The Word in the Eucharist: Epiphany
Today we celebrate the appearance of the Child Jesus on the human scene. Every year on this day, we read the fascinating story of the star guiding the Wise Men to Bethlehem. [Bible experts indicate that this particular section of the New Testament belongs to a Hebrew style of literature known as midrash, which is highly symbolic; its literal sense then is to be taken with the proberbial grain of salt.]
Epiphany is the manifestation of the Son of God made man. Christmas is the manifestation of the newborn Savior to the people of Palestine; Epiphany is the manifestation of the Savior to all mankind. The call of the Wise Men or Magi represents the call of the people to the Child Jesus, King and Savior. The call is to all men, with no distinction between Jew and Gentile, Greek and Roman, black and white, etc.
Epiphany is an older feast than Christmas. Many Catholic countries still celebrate it wih more solemnity than Christmas itself. And it is liturgically more significant. The Bible does not use the word at all, probably to avoid any association with pagan mystery religions, in which an epiphany occurred when one of the gods appeared and manifested himself to someone. The Hellenistic king, Antiochus Epiphanes (1 Mac 1:10), took up the name because he considered himself to be god manifested. By the third century the danger of any pagan association had disappeared. Now it could be applied to Jesus Christ, who is, indeed, God manifested in a way that no pagan king could ever have dreamed.
Christian piety fell in love with the Wise Men’s story. It must be noted that the evangelist says nothing about their home country, their status, their religion, their number, and even their names. Those details were later added by folklore and tradition. Upon reading Psalm 72, (The kings of Arabia shall bring tribute... and shall pay him homage), devout Christians concluded the Magi were kings. They inferred they were three because there were three gifts offered. By the 9th century, they had named them, Melchior, Gaspar and Balthasar. And by the Middle Ages, one of the Magi appears as a black man.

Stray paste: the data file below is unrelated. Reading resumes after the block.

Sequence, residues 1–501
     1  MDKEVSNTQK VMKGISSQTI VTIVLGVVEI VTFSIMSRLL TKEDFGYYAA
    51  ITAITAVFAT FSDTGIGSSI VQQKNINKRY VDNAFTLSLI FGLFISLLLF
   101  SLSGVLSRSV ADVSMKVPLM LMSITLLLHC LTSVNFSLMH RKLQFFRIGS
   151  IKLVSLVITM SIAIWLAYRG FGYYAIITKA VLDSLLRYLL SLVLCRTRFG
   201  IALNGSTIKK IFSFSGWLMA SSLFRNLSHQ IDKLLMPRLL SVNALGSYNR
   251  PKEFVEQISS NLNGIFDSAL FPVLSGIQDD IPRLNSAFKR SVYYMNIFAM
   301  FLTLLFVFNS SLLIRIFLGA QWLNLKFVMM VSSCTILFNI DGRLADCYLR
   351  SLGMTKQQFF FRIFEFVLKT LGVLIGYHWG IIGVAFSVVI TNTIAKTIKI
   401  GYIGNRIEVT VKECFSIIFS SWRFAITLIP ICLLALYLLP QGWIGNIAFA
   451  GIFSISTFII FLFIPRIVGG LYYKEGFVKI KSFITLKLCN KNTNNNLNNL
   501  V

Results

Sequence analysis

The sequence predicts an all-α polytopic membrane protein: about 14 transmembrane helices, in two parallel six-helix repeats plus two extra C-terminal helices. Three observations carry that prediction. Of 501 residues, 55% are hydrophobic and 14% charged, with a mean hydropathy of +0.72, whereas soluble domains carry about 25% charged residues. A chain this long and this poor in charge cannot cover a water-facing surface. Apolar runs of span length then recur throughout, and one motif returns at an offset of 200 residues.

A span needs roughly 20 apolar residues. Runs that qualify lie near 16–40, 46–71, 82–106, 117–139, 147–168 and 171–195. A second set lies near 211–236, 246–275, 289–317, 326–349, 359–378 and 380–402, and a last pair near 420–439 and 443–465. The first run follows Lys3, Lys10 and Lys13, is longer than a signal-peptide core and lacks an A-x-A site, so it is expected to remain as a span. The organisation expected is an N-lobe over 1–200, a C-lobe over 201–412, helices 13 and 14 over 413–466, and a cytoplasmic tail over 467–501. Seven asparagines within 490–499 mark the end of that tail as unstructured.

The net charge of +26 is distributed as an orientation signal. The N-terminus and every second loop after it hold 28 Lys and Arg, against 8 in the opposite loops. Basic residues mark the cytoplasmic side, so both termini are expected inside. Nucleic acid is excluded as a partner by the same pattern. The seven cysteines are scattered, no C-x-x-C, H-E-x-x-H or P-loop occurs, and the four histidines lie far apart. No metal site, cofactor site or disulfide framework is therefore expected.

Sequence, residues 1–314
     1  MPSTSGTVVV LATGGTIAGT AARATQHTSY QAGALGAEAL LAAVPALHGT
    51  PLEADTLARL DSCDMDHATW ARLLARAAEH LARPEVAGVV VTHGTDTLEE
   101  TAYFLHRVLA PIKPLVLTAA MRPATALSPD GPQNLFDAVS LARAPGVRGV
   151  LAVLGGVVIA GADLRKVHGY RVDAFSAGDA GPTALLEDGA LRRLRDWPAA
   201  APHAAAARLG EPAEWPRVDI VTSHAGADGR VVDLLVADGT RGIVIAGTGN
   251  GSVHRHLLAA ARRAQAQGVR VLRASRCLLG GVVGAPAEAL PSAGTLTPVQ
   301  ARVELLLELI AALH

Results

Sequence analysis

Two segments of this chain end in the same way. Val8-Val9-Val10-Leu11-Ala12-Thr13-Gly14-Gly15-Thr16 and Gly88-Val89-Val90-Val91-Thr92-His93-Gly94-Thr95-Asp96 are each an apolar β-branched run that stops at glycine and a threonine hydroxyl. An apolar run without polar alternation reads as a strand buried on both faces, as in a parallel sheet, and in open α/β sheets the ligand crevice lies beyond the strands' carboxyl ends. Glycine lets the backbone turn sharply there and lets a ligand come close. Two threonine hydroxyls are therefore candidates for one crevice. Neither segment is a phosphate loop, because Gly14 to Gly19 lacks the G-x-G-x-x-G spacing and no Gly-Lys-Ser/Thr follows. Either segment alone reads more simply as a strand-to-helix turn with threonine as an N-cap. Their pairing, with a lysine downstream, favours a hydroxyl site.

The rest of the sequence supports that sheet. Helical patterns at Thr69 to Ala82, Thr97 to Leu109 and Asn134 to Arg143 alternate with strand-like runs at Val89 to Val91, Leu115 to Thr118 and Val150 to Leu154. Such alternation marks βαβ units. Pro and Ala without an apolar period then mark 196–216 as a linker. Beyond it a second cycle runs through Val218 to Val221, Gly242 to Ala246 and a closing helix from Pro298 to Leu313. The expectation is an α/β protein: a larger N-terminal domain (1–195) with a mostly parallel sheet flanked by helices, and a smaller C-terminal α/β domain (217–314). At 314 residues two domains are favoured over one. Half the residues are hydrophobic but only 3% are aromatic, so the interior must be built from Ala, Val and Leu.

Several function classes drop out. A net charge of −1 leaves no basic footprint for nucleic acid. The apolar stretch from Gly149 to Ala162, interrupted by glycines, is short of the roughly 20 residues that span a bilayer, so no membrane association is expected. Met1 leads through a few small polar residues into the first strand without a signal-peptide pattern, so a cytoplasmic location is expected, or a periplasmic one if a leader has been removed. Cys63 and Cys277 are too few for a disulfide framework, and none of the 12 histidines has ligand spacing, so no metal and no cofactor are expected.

Matthew, the Evangelist, wants to tell us that all we need to know is that, from the time of his coming into the world, Jesus was manifested to people who came from distant lands. God made the good news of this birth known to them by a suitable sign, which guided their journey. What was this sign for the Magi? We can not say for certain. The Magi represent a Gentile people and so prefigure the acceptance of Jesus by whole world. Today’s Gospel stresses the universality, the catholicity, of salvation offered by God to mankind. Whatever might be the origin, color, or social class of a man, he is called to share the joy of Christmas. St. Matthew intends to show that Jesus did not come only for Abraham’s descendants, but is the Man for all nations. The Wise Men traveled as proxies for the Gentile people, and their gifts were donated remotely in our names.
The Magi, who have come from the East to pay homage to the newborn king of the Jews, offered him presents. The Christian tradition very quickly attributed additional meaning to the Magi’s presents: gold (kingship), incense (Divinity) and myrrh (mortality). The way the evangelist presents these events is colored by the faith that enlightened him when he wrote his work; it expresses and clarifies the faith of the Church at the time. But faith is not simply a matter of acknowledging that Jesus is the Messiah, Lord and Son of God; It involves obedience to him, now. The Gospel is not only kerygma, proclamation of faith; it is also catechesis, instruction on how to unify one’s faith and life. St. Matthew especially stresses this message at the end of his Epiphany story. God’s order to the Magi to return to their country by another route, actually suggests that there must be a change in our ways after we encounter the Lord in faith.